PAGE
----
Uninterruptible power supplies are available in different form factors including desktop, tower, and rackmount. Each form factor offers certain advantages and disadvantages.
The desktop form factor is the most compact and can easily fit on an office table, but has limited mounting slots and capacity. When using a UPS with a tower form factor, you get more mounting slots and capacity, but the design is not compact. The largest form factor is rackmount UPS, most commonly used for server racks. It requires extra space but offers larger capacity and mounting slots.
UPS devices that are Energy-Star certified or come with “eco-mode” or “standby mode” offer maximum energy savings. Some energy-efficient UPS devices also feature a bypass mode which allows the power supply to bypass the inverter and rectifier and feed directly to the IT load. This minimizes any power losses from rectifier and inverter circuits.
Secondary UPS features
There are several secondly UPS features to consider when choosing a UPS. Some high-end UPS come with the software used for remote monitoring and management of the UPS. Some UPS devices include LCD displays to view battery conditions, load, and other information.
Users have choices as well in the type of battery used by the UPS. Lead-acid batteries are more common, but Lithium-ion batteries provide better longevity. Users should strongly consider also consider buying a UPS that features replaceable batteries. This means that when the battery gets worn out, the user can simply install a new battery rather than buy a new UPS.
Types of UPS
There are three basic types of UPS systems: the standby power system (SPS); the on-line UPS system; and the line-interactive UPS
The standby UPS is the most common type of UPS used for desktop computers and other individual electronic devices. The line-interactive UPS is more commonly used in small business and server situations.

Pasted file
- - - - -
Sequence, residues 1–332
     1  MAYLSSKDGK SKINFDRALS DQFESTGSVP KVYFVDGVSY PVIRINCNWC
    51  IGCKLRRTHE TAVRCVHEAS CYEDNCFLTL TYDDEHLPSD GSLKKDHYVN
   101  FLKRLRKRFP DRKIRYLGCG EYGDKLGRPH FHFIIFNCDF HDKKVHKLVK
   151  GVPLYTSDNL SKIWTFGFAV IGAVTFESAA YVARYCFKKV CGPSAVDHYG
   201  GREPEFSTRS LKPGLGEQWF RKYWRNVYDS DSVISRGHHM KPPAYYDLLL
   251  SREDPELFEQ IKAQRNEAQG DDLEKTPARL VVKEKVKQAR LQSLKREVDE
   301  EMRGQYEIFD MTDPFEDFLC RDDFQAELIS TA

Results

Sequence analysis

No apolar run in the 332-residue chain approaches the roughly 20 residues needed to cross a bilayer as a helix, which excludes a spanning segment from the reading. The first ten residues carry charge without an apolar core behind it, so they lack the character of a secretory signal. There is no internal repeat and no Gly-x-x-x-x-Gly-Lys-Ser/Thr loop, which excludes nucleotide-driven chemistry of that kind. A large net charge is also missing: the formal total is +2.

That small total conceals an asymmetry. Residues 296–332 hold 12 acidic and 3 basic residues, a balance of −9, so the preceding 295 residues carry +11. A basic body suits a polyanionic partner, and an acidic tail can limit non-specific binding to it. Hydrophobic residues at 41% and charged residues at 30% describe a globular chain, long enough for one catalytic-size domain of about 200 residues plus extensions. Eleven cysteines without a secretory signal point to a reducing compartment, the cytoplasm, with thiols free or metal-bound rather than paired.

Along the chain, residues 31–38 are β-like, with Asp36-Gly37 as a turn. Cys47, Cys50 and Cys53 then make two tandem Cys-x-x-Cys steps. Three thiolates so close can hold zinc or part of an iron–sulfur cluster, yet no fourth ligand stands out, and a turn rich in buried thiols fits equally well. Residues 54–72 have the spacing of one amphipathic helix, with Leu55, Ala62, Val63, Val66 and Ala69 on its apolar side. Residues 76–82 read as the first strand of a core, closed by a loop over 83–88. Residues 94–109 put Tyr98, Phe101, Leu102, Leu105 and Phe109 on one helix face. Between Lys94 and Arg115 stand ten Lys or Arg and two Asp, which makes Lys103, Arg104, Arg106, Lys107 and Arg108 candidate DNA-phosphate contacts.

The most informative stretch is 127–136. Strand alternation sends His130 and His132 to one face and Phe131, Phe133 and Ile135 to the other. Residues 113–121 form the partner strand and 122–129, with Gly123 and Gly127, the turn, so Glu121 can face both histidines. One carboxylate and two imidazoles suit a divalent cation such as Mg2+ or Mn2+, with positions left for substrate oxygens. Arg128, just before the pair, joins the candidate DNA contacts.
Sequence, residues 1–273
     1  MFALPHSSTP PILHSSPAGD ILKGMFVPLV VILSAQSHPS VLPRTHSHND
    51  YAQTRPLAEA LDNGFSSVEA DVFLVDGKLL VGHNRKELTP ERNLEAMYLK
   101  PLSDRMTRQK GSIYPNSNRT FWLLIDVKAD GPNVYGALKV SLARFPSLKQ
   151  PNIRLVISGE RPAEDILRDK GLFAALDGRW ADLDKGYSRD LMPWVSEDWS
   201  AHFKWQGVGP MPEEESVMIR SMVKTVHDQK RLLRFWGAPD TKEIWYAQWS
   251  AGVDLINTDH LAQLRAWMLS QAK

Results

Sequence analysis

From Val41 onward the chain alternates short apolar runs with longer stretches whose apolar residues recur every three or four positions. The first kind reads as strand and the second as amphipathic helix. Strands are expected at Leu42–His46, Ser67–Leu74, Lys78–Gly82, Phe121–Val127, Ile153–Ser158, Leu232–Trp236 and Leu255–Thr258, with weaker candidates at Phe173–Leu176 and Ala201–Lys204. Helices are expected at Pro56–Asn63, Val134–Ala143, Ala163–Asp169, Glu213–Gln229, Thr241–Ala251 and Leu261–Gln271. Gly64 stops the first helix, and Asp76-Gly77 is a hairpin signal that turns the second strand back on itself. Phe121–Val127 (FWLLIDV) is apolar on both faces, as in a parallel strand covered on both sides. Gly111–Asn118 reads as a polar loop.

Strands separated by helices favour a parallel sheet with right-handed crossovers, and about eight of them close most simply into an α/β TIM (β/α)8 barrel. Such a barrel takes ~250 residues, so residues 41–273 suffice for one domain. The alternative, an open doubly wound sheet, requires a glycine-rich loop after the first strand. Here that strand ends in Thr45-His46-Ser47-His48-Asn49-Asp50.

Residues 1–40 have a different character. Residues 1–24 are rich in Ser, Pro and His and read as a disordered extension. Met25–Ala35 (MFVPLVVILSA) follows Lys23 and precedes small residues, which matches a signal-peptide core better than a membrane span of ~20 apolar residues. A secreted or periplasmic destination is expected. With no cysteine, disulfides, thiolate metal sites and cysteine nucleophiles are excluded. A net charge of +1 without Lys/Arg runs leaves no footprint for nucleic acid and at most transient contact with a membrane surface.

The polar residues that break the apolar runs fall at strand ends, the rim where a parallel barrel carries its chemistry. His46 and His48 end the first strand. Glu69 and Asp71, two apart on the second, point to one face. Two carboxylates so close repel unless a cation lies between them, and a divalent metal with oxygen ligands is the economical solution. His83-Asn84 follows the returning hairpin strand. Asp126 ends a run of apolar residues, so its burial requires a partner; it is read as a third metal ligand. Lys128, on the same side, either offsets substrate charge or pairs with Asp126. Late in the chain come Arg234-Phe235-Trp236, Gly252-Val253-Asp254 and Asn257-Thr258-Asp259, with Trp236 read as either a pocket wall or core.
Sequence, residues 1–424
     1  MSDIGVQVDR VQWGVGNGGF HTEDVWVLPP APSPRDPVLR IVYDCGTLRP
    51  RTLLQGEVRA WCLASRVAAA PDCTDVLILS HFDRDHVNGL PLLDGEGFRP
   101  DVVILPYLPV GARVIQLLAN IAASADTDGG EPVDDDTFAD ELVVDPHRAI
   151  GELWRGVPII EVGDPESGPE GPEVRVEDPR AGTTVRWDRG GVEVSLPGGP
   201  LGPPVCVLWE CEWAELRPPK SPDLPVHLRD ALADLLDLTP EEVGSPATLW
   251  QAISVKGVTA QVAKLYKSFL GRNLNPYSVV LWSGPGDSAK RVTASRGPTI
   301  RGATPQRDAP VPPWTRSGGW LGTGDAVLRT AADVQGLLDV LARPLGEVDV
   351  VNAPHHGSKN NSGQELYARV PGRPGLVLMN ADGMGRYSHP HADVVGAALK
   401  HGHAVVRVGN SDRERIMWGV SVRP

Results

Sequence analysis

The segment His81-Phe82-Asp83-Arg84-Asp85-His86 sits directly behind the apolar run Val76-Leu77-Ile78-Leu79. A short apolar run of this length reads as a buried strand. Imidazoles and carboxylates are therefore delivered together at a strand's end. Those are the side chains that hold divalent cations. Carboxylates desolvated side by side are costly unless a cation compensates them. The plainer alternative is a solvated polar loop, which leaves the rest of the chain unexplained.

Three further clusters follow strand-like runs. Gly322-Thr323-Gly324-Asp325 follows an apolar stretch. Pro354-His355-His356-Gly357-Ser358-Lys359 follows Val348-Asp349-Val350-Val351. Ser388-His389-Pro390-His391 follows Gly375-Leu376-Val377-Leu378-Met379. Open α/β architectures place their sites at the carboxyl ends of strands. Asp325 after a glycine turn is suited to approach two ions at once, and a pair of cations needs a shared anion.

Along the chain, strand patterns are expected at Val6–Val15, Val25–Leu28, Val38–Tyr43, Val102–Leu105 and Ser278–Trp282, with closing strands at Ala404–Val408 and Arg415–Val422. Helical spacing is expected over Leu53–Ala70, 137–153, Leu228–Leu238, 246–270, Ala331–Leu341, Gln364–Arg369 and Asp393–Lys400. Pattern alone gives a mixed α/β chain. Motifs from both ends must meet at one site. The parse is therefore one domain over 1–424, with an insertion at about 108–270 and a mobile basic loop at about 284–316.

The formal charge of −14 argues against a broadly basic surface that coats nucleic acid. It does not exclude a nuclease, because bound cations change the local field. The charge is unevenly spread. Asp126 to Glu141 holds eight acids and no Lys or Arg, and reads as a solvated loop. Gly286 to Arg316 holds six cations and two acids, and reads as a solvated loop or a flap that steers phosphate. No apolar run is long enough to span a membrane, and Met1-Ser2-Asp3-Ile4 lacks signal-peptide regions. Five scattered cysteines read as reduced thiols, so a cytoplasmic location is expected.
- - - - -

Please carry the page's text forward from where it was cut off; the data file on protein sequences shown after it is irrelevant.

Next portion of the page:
Standby Power System (SPS)
The standby power system monitors the power line and switches to battery power as soon as it detects a problem. The switch to battery, however, can require several milliseconds, during which time the computer is not receiving any power.
On-Line UPS System (Double-Conversion)
An on-line UPS avoids these momentary power lapses by constantly providing power from its own inverter, even when the power line is functioning properly. In general, on-line UPSs are much more expensive than SPSs.
Line Interactive UPS
With line-interactive UPS, the system is powered with a conditioned current that eliminates any voltage fluctuations. As alternating current (AC) passes through the voltage regulator, any fluctuation in the power is corrected. Most line-interactive UPS systems feature a battery backup mode that activates when power failure is detected. The advantage of line-interactive UPS is high reliability and high efficiency through voltage conditioning. However, the available power capacity of this type of UPS might be limited.
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UPS wave outputs: which one to get